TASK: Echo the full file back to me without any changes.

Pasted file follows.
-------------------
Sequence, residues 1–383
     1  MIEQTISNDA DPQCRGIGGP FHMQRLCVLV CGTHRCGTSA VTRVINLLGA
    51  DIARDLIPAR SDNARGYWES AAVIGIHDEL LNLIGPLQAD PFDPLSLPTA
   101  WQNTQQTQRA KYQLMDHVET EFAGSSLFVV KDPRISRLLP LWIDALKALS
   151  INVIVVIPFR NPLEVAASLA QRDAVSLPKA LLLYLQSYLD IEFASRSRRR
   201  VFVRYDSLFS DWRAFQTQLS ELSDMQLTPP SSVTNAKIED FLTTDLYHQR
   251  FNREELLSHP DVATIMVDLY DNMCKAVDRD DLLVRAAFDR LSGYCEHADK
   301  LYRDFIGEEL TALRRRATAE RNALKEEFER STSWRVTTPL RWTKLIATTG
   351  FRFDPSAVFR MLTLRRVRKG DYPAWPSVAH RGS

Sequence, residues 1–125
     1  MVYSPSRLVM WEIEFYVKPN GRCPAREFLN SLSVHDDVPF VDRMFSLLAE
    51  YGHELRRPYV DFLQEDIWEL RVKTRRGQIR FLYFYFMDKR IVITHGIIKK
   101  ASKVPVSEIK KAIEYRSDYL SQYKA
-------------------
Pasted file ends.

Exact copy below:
Sequence, residues 1–383
     1  MIEQTISNDA DPQCRGIGGP FHMQRLCVLV CGTHRCGTSA VTRVINLLGA
    51  DIARDLIPAR SDNARGYWES AAVIGIHDEL LNLIGPLQAD PFDPLSLPTA
   101  WQNTQQTQRA KYQLMDHVET EFAGSSLFVV KDPRISRLLP LWIDALKALS
   151  INVIVVIPFR NPLEVAASLA QRDAVSLPKA LLLYLQSYLD IEFASRSRRR
   201  VFVRYDSLFS DWRAFQTQLS ELSDMQLTPP SSVTNAKIED FLTTDLYHQR
   251  FNREELLSHP DVATIMVDLY DNMCKAVDRD DLLVRAAFDR LSGYCEHADK
   301  LYRDFIGEEL TALRRRATAE RNALKEEFER STSWRVTTPL RWTKLIATTG
   351  FRFDPSAVFR MLTLRRVRKG DYPAWPSVAH RGS

Sequence, residues 1–125
     1  MVYSPSRLVM WEIEFYVKPN GRCPAREFLN SLSVHDDVPF VDRMFSLLAE
    51  YGHELRRPYV DFLQEDIWEL RVKTRRGQIR FLYFYFMDKR IVITHGIIKK
   101  ASKVPVSEIK KAIEYRSDYL SQYKA